This tiny country just south of Croatia is, quite frankly, gorgeous. Mountains always make for an impressive landscape, but rarely do you see them covered head to toe in leafy treetops. The shades of green, pointed tips of Cyprus trees and rugged shrubs make the mountains look like they’ve been blanketed in a shaggy green rug. Combine this with great big pools of emerald-coloured water and the views at every turn are nothing short of breathtaking.
Clawing its way back up the tourism ladder after the Yugoslav Wars kicked it to the bottom, travellers are slowly but surely hearing once more about the beauty of this stretch along the Adriatic coast. The most booming area is Budva, although the busy nightlife and buzzing atmosphere is counterbalanced by tacky souvenir shops and hiked-up prices. A quieter but prettier and more authentic area is Kotor, which has a walled-off Old Town and fort, or you could head inland for adventure at one of its national parks, with white water rafting, canyoning and paragliding on offer.
To get the most of a stay here, it’s worth hiring a car and exploring the whole country. It doesn’t take more than three hours to drive between the main must-sees and the drives are super-scenic thanks to the windy mountain roads (well maintained and wide, so no scary moments), which offer bird’s-eye views of the undulating landscape and crashing canyons. Visit economy arrentals.com for great-value rentals.
Things to do
White-water rafting, canyoning and paragliding are the best ways to see the impressive Tara River and canyon, not to mention a great way to get your adrenaline fix. Dermitor National Park is the best base for all these activities, ask at your hostel for recommended companies.
Lake Skadar offers a calmer body of water, which stretches so far a third of it is in Albania. Pretty villages are dotted along the edges of the water, such as Vipazar and Godinje, offering photo opportunities galore. One warning: ignore the boat trip touts who will overcharge you; head to a tourist information office for a recommendation instead.
Old Town Kotor
This walled-in town is a maze of cobbled streets opening up onto pretty squares lined with cute cafes. For €3 you can climb the steps of the fort. The views are astounding all the way up, so it’s well worth the work out.
This small village is set along a gorgeous waterfront and offers boat trips to Our Lady of the Rocks, a tiny man-made island which holds a church. It was built after fisherman found a rock which was painted with a picture of the Virgin Mary. You can view the original painting at the altar of the church.
This monastery has a somewhat unusual location: it’s embedded in the rock halfway up a mountain. It’s a unique sight as you drive up towards the structure, and once you reach it there is an overriding feeling of peace. The spirituality of the place combined with being so far up and away makes a visit a moving experience.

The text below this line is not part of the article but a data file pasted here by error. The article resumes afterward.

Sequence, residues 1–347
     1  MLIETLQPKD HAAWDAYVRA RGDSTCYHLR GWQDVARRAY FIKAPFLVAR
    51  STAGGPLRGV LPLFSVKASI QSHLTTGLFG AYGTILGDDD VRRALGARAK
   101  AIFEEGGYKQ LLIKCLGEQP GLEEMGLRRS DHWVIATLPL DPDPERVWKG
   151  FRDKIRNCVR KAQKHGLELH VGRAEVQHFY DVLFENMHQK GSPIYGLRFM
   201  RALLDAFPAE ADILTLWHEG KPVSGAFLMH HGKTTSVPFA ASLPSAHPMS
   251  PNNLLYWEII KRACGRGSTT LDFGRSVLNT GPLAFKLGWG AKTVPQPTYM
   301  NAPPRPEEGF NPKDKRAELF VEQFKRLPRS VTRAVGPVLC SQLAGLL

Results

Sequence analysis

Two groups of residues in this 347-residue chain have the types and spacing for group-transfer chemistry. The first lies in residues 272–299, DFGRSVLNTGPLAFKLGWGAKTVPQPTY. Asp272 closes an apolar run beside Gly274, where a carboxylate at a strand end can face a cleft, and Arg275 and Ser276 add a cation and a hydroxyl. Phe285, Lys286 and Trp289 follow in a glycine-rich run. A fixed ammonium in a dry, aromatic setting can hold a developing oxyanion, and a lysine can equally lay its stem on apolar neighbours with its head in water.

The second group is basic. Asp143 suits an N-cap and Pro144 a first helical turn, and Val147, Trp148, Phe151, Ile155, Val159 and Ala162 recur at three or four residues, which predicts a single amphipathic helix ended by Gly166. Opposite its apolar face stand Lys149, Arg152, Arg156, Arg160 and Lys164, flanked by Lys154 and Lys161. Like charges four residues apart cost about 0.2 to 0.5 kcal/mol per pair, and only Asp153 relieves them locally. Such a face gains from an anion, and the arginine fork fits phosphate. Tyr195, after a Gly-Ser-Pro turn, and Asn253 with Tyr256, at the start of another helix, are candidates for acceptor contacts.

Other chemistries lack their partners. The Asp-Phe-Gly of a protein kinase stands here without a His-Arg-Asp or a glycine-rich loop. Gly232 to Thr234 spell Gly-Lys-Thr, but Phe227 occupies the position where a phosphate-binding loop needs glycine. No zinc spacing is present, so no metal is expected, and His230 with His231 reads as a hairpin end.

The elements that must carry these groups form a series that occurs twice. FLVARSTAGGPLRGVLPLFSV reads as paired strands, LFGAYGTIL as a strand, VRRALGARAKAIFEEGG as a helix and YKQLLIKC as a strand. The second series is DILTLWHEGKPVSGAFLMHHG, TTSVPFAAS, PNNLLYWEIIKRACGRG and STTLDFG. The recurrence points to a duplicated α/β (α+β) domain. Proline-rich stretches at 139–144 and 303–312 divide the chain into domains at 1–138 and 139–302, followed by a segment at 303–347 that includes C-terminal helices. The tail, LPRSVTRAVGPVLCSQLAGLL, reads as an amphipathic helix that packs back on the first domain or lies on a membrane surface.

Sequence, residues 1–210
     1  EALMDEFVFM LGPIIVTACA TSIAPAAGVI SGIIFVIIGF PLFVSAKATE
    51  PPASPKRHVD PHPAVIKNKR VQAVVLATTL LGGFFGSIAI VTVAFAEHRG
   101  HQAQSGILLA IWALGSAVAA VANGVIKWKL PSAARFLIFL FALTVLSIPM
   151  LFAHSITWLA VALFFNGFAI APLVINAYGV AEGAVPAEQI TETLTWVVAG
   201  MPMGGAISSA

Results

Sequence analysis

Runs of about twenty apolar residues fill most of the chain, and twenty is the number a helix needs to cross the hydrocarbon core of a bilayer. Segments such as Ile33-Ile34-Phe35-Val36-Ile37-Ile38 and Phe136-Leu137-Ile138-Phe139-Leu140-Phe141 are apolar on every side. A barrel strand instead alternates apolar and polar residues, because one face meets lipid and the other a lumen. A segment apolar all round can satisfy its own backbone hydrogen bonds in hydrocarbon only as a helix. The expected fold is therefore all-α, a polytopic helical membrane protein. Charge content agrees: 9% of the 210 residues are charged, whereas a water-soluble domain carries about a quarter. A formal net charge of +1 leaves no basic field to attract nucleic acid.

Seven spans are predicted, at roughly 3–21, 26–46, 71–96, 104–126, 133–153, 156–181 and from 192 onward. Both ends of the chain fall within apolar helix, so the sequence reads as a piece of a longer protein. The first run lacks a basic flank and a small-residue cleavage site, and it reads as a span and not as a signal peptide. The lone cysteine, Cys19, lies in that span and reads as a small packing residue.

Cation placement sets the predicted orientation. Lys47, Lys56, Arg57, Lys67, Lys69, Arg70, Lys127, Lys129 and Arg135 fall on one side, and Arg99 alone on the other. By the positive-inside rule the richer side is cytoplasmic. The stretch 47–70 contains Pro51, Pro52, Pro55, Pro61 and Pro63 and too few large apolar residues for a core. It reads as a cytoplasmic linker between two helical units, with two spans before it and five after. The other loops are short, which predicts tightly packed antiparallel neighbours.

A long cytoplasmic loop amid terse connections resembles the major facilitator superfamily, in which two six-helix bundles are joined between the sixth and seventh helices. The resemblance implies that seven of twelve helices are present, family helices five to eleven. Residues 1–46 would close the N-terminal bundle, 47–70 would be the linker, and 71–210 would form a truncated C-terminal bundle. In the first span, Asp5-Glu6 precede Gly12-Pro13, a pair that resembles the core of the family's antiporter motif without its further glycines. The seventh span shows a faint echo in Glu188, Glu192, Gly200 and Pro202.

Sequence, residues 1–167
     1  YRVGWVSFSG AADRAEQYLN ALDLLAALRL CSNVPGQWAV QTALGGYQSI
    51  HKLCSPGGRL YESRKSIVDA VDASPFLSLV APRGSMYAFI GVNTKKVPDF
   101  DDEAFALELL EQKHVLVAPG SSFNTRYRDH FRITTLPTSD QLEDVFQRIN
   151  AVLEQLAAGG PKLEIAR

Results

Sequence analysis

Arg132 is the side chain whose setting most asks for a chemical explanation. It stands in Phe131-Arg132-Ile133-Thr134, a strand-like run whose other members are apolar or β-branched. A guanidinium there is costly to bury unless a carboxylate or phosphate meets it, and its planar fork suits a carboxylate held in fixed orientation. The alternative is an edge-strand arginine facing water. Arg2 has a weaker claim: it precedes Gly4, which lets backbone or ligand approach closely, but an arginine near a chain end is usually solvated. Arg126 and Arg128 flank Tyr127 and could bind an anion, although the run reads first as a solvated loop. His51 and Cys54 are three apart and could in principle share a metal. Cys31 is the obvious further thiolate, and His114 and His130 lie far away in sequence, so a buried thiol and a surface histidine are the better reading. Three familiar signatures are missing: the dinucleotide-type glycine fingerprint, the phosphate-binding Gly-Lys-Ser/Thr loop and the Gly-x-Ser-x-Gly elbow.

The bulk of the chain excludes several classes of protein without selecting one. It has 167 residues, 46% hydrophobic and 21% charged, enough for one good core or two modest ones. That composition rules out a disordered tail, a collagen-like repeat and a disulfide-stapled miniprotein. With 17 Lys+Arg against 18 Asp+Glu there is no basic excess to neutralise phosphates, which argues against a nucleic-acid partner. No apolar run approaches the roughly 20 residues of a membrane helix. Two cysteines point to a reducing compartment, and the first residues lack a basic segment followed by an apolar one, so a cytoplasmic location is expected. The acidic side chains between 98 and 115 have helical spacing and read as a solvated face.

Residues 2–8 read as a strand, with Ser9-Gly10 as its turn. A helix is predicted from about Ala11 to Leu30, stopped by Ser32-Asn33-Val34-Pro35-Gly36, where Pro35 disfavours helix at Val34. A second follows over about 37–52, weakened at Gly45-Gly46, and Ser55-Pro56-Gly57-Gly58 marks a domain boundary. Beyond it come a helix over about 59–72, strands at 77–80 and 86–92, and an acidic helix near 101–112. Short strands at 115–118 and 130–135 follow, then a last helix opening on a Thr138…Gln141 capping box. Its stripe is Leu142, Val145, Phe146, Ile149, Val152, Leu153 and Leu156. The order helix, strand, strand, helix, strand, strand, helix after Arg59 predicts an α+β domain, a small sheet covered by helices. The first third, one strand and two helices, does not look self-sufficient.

Where to stay
Budvar is more expensive than the rest of Montenegro as it’s the main tourist hub, but a very pleasant exception is this cosy hostel, 10 minutes’ walk from the beach. With a sociable lounge, and friendly owners, it’s a home from home. There are only two six-bed dorms so book early. From €10pp/pn (£8.50). hostelworld.com
Old Town Kotor Hostel
This place is perfect for the solo traveller as its super social, with the party-animal owner holding food and drink nights in the cottage-like lounge before dragging everyone to the local club to party the night away. The place is gorgeous too, with authentic stone walls, medieval knick knacks and solid wood furniture. From £10pp/pn. hostel-kotor.me/hostelworld.com
Art Apartments Minic
You get to sleep in a toadstool. Need we say more? With two three-bed bungalows carved into the shape of toadstools, you and your buddies can cosy up for the night in this childhood fantasy before setting off for the nearby Biogradska National Park. From £10pp/pn. booking.com
Food and drink
This local restaurant is yet to take advantage of the tourist spot it calls home – the village of Vipazar sat on the edge of the stunning Lake Skadar. Tuck into the speciality fish soup, served with hot, fluffy bread and wash it down with a glass of silky soft local red for just €4 (£3.30). 069 598 019
The Aman Sveti Stefan is a resort that occupies its own personal islet, just off the coast. It’s gorgeous to look at and even more gorgeous to stay at, if you can afford it. Failing that, treat yourself to a night at one of its restaurants, such as the Queen’s Chair, which has views over the waters and mainland. amanresorts.com/amansvetistefan
Stop off at the small shop next door to sample three local wines for €3 and then order a bottle of your favourite next door in the Old Winery. Its stone-clad walls and timber beams are sympathetic to the Old Town, while the live music and racks of wine make for a fun night. facebook.com/oldwinerywineloungebar
Club MaximusThe only club in Kotor, this place goes all out to get the party started. DJ’s, live music, light shows and crazy dancing until 5am, the podium dancers are a particular, er, highlight, complete with stockings, thigh-high boots and nipple tassles. Oh, and there’s karaoke on Tuesdays. facebook.com/maximuskotor